What Do I Do if I Know My Friend Wants to Come Out of the Closet?

Continue to share the same activities as you did before your friend came out.
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Your gay, lesbian, bisexual or transgendered friend has a lot to lose by coming out of the closet, affirms sex and relationship columnist Dan Savage in “The Worst Advice Ever Given” video. If you know your friend wants to come out of the closet to you, consider the negative reaction that confession sometimes triggers and offer your friend support and appreciation for the courage it takes to reveal that information to you.

1 Withhold Judgment and Negative Feedback

Encourage your friend to be honest with you and meet his honesty with plenty of openness and support. Most gay men and lesbians will make their announcement to someone they feel will accept them. You might say, “Thanks for trusting me with this," suggests psychologist Gregory M. Herek in “Coming Out Can Reduce Sexual Prejudice.” Assure your friend that you will continue to be his friend.

2 Accept Your Friend’s Disclosure

Accept that your friend hasn’t changed in the moments from before the words were uttered and after they were uttered, suggests the international gay, lesbian, bisexual and transgendered support organization BeLonG To. Don’t question whether she is sure or how it happened. Accept her sexual orientation in the same manner you accept that she has freckles or size eight feet -- it’s a part of who she is. You might offer her a hug and let her know how much you appreciate her friendship.

3 Questions Are Allowed

If you don’t understand much about your friend’s orientation, you can ask questions, and should, according to psychiatrist Jack Drescher in “The Closet: Psychological Issues of Being In and Coming Out.” Open discussion is important to both of you and can help you understand your friend. It can also help you become more tolerant and supportive than you might have been before. Thank your friend for what you have learned and ponder it in the days to come.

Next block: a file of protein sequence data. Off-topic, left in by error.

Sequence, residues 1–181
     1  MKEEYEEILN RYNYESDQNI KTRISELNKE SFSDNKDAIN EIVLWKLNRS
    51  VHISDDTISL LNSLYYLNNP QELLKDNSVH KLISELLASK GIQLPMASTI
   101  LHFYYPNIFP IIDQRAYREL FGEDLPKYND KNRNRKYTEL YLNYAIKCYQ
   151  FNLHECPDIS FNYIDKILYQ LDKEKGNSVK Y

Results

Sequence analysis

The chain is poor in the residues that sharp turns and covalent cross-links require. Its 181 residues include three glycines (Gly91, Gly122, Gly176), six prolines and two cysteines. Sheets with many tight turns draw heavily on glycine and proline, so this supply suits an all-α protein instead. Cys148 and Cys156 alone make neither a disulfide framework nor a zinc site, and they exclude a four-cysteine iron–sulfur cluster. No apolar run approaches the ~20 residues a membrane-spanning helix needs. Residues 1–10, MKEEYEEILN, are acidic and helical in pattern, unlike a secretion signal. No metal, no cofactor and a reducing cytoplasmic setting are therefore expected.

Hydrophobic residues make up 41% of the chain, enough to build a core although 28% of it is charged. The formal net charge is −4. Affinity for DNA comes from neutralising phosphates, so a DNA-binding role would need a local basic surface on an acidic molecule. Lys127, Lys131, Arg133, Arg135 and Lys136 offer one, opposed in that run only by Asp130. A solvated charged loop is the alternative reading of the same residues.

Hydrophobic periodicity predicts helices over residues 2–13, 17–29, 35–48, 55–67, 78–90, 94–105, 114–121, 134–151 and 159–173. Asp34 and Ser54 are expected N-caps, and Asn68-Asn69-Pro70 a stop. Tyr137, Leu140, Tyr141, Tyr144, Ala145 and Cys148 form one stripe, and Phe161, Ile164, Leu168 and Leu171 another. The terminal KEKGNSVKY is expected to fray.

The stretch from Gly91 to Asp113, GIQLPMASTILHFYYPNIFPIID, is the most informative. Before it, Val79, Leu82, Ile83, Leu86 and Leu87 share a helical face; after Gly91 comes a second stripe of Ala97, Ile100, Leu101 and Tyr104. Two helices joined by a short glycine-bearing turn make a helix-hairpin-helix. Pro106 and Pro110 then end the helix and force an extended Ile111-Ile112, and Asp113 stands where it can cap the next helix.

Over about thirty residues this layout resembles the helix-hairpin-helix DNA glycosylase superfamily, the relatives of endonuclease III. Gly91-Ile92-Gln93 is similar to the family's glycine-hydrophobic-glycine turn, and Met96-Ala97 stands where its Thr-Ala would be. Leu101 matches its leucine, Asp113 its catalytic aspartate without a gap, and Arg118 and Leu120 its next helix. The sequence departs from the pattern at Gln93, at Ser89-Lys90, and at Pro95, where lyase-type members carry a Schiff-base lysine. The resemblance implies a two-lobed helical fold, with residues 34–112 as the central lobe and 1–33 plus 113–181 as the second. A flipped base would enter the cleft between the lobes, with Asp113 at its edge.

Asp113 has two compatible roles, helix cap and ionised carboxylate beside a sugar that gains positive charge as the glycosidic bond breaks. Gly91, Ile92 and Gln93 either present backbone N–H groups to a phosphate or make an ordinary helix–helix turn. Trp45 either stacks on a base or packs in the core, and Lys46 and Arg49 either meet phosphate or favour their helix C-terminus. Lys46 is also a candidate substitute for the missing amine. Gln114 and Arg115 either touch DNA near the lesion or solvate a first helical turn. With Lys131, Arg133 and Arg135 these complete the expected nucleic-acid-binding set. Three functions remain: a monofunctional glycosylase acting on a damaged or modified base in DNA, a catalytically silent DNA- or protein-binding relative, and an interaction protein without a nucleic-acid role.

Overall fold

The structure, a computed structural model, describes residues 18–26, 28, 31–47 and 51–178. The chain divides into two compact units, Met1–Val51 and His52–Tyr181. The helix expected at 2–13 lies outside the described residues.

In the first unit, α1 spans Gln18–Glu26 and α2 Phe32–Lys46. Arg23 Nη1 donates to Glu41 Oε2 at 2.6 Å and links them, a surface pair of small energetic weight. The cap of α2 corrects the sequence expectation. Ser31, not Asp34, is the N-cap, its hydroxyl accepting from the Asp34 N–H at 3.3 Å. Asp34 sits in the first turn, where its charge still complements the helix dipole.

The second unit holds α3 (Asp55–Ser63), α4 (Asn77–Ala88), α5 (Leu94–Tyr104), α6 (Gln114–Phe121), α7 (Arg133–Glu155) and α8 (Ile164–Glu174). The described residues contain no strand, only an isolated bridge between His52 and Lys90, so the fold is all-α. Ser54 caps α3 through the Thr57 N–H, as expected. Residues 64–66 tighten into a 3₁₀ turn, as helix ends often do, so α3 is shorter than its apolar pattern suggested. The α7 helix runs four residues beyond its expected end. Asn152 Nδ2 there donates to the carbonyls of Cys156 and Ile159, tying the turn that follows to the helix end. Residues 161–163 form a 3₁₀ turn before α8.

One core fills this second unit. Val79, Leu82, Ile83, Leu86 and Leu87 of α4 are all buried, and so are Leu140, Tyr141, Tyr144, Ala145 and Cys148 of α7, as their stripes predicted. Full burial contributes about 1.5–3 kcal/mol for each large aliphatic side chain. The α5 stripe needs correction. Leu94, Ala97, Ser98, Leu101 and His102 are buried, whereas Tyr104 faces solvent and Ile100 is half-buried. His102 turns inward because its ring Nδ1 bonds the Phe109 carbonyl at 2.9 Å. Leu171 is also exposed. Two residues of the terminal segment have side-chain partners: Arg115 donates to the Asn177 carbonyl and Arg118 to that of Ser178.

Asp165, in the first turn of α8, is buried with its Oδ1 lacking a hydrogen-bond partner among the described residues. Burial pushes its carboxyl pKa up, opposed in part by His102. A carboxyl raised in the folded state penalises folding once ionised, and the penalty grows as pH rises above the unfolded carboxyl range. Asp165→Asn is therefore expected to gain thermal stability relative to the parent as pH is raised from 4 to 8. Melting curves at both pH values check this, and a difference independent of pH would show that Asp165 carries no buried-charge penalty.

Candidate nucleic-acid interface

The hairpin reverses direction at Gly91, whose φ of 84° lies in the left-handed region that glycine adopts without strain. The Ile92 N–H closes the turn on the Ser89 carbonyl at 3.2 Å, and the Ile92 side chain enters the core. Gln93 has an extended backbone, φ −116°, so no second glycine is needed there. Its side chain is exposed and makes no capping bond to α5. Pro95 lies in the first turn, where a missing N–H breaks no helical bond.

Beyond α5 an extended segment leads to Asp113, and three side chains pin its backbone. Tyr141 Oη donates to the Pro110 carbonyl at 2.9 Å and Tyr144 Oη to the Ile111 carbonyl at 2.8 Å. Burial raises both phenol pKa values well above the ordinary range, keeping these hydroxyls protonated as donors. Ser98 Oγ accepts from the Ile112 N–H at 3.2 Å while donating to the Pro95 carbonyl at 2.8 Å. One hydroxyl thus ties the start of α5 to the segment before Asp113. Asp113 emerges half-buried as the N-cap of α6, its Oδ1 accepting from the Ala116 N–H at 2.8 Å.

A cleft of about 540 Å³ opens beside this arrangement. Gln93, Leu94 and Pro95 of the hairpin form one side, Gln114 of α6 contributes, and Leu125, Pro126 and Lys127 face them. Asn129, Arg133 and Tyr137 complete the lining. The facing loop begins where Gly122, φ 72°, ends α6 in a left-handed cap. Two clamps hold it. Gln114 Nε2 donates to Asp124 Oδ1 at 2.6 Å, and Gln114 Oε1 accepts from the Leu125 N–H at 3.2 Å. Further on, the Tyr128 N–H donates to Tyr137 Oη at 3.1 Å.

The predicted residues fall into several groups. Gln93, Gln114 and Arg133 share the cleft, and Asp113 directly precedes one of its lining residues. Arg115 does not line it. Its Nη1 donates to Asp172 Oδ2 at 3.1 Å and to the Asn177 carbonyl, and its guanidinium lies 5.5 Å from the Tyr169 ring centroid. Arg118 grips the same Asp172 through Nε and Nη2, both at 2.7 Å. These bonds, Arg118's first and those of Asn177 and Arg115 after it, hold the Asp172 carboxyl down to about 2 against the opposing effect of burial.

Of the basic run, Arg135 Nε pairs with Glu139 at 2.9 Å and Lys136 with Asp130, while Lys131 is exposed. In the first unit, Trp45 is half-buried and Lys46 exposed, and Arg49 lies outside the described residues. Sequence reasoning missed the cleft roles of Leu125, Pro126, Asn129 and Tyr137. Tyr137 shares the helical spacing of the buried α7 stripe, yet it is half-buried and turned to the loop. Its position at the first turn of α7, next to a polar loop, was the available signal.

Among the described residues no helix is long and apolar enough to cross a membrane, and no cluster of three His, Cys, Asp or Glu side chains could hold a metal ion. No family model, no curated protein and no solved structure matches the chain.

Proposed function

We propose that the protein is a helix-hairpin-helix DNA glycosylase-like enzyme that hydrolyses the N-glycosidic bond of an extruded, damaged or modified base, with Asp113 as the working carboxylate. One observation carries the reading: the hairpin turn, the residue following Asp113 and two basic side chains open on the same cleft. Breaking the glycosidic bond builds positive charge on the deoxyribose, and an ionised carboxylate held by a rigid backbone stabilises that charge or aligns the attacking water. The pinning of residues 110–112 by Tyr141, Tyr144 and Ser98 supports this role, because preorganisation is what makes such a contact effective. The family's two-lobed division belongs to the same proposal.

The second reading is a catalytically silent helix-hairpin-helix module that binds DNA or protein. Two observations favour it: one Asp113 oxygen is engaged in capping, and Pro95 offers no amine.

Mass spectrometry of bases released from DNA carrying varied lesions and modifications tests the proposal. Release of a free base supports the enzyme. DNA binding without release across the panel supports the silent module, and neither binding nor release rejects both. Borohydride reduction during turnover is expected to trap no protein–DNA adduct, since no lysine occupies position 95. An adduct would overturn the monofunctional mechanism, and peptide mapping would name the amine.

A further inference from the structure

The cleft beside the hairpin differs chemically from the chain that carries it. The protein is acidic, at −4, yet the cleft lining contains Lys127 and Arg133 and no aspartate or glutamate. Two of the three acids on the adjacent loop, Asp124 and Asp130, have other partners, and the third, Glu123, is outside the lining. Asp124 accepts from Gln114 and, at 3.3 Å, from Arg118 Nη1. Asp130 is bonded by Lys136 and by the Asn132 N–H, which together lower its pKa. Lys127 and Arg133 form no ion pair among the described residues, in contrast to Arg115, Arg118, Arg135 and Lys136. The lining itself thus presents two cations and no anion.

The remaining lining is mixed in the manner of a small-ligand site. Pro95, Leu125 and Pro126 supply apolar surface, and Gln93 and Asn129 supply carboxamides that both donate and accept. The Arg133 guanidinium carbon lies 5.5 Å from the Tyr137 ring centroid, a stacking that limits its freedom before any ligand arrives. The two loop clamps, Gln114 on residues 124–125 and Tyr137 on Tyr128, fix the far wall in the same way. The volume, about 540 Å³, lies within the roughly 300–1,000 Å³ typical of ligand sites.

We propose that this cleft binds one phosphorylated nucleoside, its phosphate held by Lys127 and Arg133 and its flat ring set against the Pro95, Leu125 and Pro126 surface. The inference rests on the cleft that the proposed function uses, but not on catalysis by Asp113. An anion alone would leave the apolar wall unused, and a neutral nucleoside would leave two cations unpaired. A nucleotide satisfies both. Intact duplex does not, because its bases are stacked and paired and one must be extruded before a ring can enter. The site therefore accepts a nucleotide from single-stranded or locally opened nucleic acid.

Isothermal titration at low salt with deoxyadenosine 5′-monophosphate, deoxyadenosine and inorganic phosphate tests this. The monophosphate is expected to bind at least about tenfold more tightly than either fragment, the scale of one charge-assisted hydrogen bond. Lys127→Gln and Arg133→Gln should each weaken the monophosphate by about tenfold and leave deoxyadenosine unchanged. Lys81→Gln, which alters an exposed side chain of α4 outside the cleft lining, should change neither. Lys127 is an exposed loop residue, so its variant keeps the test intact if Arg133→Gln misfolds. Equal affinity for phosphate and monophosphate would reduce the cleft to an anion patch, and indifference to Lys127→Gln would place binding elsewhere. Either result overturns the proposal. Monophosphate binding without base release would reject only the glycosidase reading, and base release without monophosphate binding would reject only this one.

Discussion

4 Confidential and Supportive

Maintain your friend’s confidence, suggests etiquette expert Steve Petrow in “Coming Out” on gaymanners.com. If you spread the word, your friend might receive negative responses from peers, family, teachers, employers or community members. Allow your friend to choose who does or doesn’t know her sexual orientation. Additionally, be authentic in your response, acting the same when you are with her as you do when you aren’t around her, especially if others are talking about her coming out. Support her and attempt to shut down the negative talk by letting others know that ridicule, judgment and abuse are not appropriate.

Rev. Kathryn Rateliff Barr has taught birth, parenting, vaccinations and alternative medicine classes since 1994. She is a pastoral family counselor and has parented birth, step, adopted and foster children. She holds bachelor's degrees in English and history from Centenary College of Louisiana. Studies include midwifery, naturopathy and other alternative therapies.